How to build Sauna.

Waarschijnlijk hebben we allemaal meer tijd dan normaal thuis doorgebracht tijdens de pandemie van 2020. Hier is mijn doe-het-zelf-project…


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21 gedachten over “How to build Sauna.”

  1. What is the ideal distance between the insulation foil and the wood (the planks)? Moreover, can there be tiles on the floor or there's got to be planks instead (or tiles and planks on top of them)? Is 8kW electric heater good for a 1.5×1.5 sauna or will it be too much? Last – is the lack of a draining pipe/system a big no-no and is having it a must? I've noticed a lot of sauna places in my country (in hotels) don't have the draining system. I wonder why. Thanks!

  2. hello. love the video. building one right now under my porch too. 1 question how did you build the floor? is the cedar screwed to the concrete or did you frame out the floor and I didnt see? if so did you insulate the floor? thank you so much

  3. I understand the use of modern insulating walls instead of thick layers of wood or red bricks.
    I understand that we say to ourselves with an electric sauna that the smoke evacuation is not necessary..
    But now, there are major construction faults that will jeopardize the durability of this sauna and the health of its users.
    Traditionally for wood we chose a coniferous tree, a variety of fir tree, it is not an innocuous choice, this heated wood will emit substances, those of the fir tree have recognized medicinal properties and no harmfulness.
    All wood used must be untreated solid wood
    Even without smoke, the sauna must be constantly ventilated, no need for air conditioning, just a small low grid and a high one.
    Another thing is water, you must always have water, a small inner bucket can be enough to create the steam, but a second to cool the users would be a good thing.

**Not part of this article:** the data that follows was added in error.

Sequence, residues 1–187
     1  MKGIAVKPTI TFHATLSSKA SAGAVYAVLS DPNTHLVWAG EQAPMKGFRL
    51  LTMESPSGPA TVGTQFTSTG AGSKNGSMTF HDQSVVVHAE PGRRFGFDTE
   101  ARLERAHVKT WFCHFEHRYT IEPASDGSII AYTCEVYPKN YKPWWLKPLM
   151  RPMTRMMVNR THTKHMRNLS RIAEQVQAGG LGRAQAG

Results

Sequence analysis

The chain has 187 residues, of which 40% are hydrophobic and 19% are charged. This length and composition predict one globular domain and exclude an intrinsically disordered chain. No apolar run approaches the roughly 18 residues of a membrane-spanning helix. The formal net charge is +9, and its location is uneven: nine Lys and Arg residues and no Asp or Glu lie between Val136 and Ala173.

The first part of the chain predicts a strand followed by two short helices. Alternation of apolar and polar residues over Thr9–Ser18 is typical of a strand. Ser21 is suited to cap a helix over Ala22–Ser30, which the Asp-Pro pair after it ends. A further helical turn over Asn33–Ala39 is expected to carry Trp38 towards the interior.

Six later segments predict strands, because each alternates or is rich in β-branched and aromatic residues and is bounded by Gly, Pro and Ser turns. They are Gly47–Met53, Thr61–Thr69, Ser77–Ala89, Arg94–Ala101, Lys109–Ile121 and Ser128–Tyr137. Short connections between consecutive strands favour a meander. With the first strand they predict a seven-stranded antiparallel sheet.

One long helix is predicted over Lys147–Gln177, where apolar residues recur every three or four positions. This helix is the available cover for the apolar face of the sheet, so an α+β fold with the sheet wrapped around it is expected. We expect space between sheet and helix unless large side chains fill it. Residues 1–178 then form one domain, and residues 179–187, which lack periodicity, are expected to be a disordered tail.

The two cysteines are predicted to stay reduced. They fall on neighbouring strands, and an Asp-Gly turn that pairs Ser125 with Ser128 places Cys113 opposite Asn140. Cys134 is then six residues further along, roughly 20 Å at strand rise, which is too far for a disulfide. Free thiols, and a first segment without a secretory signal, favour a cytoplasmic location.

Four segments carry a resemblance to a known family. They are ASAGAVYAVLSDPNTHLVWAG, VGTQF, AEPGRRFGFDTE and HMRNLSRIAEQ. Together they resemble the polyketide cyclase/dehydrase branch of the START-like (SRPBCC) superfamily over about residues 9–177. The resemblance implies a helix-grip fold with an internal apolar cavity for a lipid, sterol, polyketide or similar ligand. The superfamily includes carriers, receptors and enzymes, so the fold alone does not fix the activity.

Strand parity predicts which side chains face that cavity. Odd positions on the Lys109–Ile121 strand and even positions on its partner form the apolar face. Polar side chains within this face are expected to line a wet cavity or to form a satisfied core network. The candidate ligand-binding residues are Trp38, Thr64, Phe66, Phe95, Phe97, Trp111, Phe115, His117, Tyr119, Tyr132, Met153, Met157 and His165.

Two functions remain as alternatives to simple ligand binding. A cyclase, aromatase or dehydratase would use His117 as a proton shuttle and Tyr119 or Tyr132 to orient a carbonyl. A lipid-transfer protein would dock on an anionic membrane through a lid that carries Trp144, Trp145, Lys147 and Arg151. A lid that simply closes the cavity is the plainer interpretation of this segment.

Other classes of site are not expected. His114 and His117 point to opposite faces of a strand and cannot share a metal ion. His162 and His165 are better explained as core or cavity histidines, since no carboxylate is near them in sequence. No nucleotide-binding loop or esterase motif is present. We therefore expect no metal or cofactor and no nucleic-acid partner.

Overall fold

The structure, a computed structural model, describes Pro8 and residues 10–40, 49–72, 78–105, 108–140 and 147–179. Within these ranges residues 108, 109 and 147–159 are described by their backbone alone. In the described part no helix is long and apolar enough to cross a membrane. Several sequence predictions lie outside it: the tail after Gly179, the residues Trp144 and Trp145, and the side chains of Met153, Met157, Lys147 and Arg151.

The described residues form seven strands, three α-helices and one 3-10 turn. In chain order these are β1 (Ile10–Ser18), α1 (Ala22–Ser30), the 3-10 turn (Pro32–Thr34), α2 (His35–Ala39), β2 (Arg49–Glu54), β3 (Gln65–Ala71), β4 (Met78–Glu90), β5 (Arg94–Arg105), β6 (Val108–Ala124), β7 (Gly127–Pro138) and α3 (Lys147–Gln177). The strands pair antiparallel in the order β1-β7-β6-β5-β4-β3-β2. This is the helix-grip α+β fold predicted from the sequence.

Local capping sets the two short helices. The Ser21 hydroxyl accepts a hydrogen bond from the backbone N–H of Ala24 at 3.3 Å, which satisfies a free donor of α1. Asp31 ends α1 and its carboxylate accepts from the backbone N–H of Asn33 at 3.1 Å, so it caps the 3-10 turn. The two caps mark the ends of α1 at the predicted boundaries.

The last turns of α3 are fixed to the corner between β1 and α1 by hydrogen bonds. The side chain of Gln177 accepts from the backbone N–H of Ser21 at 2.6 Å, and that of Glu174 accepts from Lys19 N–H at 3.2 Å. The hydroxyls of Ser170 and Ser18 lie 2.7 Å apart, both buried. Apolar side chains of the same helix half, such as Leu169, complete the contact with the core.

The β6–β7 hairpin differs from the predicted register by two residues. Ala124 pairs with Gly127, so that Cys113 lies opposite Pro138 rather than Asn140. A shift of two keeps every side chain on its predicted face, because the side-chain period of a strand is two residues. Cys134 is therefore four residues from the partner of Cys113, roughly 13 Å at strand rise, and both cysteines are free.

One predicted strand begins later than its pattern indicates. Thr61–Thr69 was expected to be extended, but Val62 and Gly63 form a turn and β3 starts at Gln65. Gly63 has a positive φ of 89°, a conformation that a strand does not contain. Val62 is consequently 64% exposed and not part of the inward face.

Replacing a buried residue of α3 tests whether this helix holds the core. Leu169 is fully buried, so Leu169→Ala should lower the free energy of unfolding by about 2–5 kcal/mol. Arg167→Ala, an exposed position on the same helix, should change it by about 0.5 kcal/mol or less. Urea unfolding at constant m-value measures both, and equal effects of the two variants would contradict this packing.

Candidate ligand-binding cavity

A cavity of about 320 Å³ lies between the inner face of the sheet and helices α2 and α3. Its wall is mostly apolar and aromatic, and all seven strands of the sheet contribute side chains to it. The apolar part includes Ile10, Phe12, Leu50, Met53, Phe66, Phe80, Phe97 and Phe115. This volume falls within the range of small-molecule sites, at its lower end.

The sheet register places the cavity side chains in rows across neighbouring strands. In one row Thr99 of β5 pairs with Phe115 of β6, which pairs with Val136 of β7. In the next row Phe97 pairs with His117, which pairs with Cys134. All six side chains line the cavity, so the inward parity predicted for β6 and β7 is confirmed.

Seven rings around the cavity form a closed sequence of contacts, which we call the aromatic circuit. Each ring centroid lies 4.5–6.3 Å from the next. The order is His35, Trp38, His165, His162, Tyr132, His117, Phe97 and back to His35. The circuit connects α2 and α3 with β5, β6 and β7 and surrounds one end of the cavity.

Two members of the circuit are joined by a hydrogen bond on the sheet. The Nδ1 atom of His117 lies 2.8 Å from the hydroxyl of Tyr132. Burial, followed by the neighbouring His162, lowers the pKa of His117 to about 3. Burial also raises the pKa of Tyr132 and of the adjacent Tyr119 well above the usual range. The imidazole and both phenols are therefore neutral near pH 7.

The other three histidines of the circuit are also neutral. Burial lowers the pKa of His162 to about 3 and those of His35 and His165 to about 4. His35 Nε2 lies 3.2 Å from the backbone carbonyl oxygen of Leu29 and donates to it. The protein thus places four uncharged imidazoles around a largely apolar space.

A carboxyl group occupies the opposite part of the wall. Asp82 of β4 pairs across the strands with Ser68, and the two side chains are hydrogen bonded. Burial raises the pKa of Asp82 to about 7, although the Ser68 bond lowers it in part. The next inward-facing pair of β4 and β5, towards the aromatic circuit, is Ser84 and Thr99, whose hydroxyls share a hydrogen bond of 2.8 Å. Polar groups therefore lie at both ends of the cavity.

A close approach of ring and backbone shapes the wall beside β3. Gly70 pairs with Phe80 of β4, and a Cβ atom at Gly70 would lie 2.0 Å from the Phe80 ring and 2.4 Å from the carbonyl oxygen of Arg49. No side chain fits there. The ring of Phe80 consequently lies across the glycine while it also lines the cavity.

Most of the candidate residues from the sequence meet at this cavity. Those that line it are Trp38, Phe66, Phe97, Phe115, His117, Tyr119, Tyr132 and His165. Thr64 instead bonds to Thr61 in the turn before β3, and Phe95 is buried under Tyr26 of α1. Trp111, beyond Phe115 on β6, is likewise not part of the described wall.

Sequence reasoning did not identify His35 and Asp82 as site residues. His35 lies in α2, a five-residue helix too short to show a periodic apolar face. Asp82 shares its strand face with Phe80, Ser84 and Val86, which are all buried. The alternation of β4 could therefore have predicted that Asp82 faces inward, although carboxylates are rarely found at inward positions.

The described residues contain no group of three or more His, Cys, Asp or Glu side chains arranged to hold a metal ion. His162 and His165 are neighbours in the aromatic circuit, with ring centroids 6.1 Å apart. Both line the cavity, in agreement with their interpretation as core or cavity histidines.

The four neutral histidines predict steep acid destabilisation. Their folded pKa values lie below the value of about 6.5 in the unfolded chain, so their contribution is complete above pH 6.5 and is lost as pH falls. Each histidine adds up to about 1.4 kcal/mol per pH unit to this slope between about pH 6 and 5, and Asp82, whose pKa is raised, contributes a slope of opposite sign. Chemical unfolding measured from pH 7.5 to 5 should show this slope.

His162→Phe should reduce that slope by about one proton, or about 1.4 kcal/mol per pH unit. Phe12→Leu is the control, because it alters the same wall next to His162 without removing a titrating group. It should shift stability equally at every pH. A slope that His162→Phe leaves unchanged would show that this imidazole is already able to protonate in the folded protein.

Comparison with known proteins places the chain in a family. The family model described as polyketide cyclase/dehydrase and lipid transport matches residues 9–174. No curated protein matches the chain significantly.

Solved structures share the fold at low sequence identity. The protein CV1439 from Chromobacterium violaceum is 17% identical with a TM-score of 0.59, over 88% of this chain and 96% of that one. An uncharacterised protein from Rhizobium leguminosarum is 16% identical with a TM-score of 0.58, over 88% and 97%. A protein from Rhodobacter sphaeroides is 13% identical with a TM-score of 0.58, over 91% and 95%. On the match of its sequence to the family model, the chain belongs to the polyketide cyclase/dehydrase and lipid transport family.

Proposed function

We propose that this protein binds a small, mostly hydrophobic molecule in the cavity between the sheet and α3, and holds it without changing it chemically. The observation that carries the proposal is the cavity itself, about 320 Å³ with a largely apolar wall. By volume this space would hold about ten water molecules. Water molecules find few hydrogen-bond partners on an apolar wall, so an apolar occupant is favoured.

It would take a flow to evacuate the water to the ground, already just for the water when cleaning the sauna, otherwise it will deteriorate.
    Otherwise the sauna is very pretty, in Finland 80 ° c a sauna just turned on, the operating temperature 90 ° c-100 ° c and up to 110 ° c for the bravest.
    In the sauna we use small towels under the buttocks to protect ourselves and protect the wood, we whip ourselves with small flexible birch branches cleaned and soaked in fresh water.
    Good sauna sessions, we had competitions between us, the one who stays the longest, the shortest, with wages and rewards.

  4. That sauna will be mould-ridden in three years max. You need to leave a ventilation space between the interior wood panelling and the reflectix. The reflectix doesn't work without airspace to throw heat back into – it's just an expensive vapour barrier without it. And with no way for moisture to evaporate, the wood panelling will be toast in a few short years.
    Many people from countries where saunas are rare make the mistake of thinking that saunas need to be airtight to work, but that's not the case. Quite the opposite is true.

  5. A sauna needs plumbing for a tap and also it would be good to put in a shower; saunas get very wet when used. Neglecting this is only something non-Finns do. I throw water around in a sauna, a lot of which misses the rocks.


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